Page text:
A missing seven-year-old girl reunited with her British father — after nearly three years globetrotting and living in hiding for a time in Toronto and Montreal — is back to a life of video games, pop music and Halloween costume decisions.
The long search for Pearl Da Massa ended last week in Montreal, where she was living with her mother, her accused kidnapper.
The girl's father, Henry Da Massa, launched a frantic global search for Pearl in 2008, when she was allegedly taken from her home in Manchester, England. He had posted a $10,000 reward for her safe return.
Da Massa's estranged wife, Helen Gavaghan, is alleged to have fled with Pearl, taking her to Mexico and the U.S. before bringing her to Toronto's Parkdale neighbourhood. The pair lived in the community last year and then moved to Montreal.
In an interview Tuesday with the CBC's Lorenda Reddekopp, Gavaghan alleged that Da Massa had been abusive, and that was why she had fled with their daughter. She acknowledged that her allegations have not been proven in court.
"It was very difficult," she said. "There was no solid proof."
In a phone interview with BBC News, Da Massa said the father-daughter reunion was "surreal" and "an incredible moment," adding that the girl was readjusting well in her native country thanks to Montreal social workers.
Pearl was only four when she vanished. Da Massa said he was astounded by how much she'd changed, but delighted she remained "the same kid with the same spark and the same smile" from years before.
Speaks with 'yeehaw twang'
"She became a video-game-playing fan of the Scandinavian pop princess, Robyn, all of a sudden," he said.
"She speaks like a country kind of cowgirl now, and she has a real 'yeehaw' twang, and even the Canadian kids would remark on it."
Pina Arcamone, with the Missing Children's Network, credited a quick-thinking Montrealer on Tuesday for helping to reunite the pair.
Arcamone said a man riding the Metro in Montreal spotted a woman acting suspiciously with her daughter two weeks ago, and alerted officers, who later confronted the woman and determined she was wanted on an international arrest warrant for kidnapping.
Mother devastated, says neighbour
"Helen used a different name and different passport that we didn't know about," Da Massa said.
When Pearl and Gavaghan were spotted in Toronto in February 2010, Da Massa quit his job in England and relocated to Toronto to continue his search. But the mother and child disappeared again as Canadian investigators gave chase.
'Pearl had gone from understanding she had no family and no father, to actually being aware that she did have a wider family.' —Henry Da Massa, Pearl's father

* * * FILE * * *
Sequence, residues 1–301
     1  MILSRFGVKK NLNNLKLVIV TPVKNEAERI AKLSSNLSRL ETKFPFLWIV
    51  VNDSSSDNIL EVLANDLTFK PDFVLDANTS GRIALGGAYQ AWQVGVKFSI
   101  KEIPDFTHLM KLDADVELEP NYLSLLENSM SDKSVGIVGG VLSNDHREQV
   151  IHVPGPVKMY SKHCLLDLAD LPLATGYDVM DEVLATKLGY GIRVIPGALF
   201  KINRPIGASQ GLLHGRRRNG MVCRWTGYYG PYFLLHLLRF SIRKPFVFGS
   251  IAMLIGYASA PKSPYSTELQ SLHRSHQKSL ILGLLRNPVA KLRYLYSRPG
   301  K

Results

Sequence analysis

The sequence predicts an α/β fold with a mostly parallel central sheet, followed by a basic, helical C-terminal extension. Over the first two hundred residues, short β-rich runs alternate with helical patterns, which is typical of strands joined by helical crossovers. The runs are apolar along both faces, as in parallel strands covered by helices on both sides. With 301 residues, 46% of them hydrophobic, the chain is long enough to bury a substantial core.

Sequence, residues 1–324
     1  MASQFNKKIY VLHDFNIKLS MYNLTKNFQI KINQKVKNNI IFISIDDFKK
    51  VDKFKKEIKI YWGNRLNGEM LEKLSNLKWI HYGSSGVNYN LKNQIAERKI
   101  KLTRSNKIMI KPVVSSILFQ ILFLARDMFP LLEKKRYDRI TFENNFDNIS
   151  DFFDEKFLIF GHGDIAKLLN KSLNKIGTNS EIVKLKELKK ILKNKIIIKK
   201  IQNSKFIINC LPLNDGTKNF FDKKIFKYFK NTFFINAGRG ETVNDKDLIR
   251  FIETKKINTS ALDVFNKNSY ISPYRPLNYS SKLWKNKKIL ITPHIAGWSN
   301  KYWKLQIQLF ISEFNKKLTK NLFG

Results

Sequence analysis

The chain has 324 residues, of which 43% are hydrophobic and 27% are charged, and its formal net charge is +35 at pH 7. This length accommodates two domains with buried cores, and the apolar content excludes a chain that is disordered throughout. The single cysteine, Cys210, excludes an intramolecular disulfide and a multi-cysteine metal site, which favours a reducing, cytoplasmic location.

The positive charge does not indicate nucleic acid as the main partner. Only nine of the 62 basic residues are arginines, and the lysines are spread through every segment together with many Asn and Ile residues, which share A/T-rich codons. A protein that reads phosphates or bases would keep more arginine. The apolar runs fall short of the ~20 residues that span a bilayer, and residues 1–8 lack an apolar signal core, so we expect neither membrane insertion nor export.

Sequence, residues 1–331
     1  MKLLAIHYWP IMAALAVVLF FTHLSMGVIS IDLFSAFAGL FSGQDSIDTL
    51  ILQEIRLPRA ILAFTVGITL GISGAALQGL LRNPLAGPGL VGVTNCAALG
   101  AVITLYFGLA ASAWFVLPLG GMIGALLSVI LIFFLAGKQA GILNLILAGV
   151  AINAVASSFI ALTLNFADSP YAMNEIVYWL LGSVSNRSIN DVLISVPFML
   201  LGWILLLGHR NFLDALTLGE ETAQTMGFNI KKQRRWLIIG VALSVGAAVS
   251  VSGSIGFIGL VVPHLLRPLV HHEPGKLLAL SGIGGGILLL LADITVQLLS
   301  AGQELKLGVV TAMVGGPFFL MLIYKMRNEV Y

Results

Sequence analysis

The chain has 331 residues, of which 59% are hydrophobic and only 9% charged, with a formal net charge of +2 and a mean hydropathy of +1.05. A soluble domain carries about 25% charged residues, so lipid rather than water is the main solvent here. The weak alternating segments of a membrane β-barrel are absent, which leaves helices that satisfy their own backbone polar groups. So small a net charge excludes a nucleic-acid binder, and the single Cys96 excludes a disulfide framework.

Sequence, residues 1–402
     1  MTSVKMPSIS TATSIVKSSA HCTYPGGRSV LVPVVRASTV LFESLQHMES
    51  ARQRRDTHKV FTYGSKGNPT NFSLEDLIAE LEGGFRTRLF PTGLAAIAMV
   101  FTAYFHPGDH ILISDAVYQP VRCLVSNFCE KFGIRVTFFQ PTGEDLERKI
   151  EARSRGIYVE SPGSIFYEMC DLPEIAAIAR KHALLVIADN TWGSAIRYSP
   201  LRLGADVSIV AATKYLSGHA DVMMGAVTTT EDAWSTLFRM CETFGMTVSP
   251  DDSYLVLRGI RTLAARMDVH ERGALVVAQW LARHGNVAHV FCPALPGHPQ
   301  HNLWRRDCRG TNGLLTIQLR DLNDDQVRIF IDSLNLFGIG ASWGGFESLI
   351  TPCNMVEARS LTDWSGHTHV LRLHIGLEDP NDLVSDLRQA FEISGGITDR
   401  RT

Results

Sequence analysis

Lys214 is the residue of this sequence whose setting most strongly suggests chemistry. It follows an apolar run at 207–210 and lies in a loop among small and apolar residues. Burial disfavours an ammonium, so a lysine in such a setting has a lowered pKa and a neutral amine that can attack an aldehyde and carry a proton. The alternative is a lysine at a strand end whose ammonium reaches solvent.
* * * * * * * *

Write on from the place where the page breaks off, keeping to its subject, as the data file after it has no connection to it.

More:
"It then took a further year and a half for them to materialize in Montreal, where the Quebec authorities this time just over a week ago detained my ex, Helen, again under a different alias, and Pearl was removed from her care," Da Massa said.
Gavaghan is currently in Montreal awaiting extradition.
"I'm going to be extradited," she told CBC News. "I'm still getting advice, but now that my daughter's back in the U.K., I want to get back there as soon as I can and re-instigate some kind of contact with her."
The woman's former Toronto neighbour, Doug Hatlem, said he received a call from a detention centre on Monday from Gavaghan, and that very little of her side of the story has been told.
Hatlem said Gavaghan was devastated to lose Pearl.
"Helen was led to believe that she'd have a chance to fight this in court, and led to believe that she would get to see her daughter periodically," Hatlem said. "Instead, she was told that she was already on a plane."
Pearl worked for 10 days with social workers from Montreal's Batshaw youth centre and the Quebec branch of the Missing Children's Network to prepare for her reintroduction to her father and her new life.
"Pearl had gone from understanding she had no family and no father, to actually being aware that she did have a wider family. She could draw pictures of my bedroom in Manchester, where she used to sleep," Da Massa said.
After so much time apart and such an "unstructured, ragtag life" for his daughter, Da Massa said he's most looking forward to getting back to normal life together — going to the car wash, playing video games and heading to the park.
"She's lived a crazy life, the details of which haven't emerged, and probably, in full, they won't emerge," he said. "But she should be allowed to be a regular kid again. We've got things like school to discuss, and Halloween."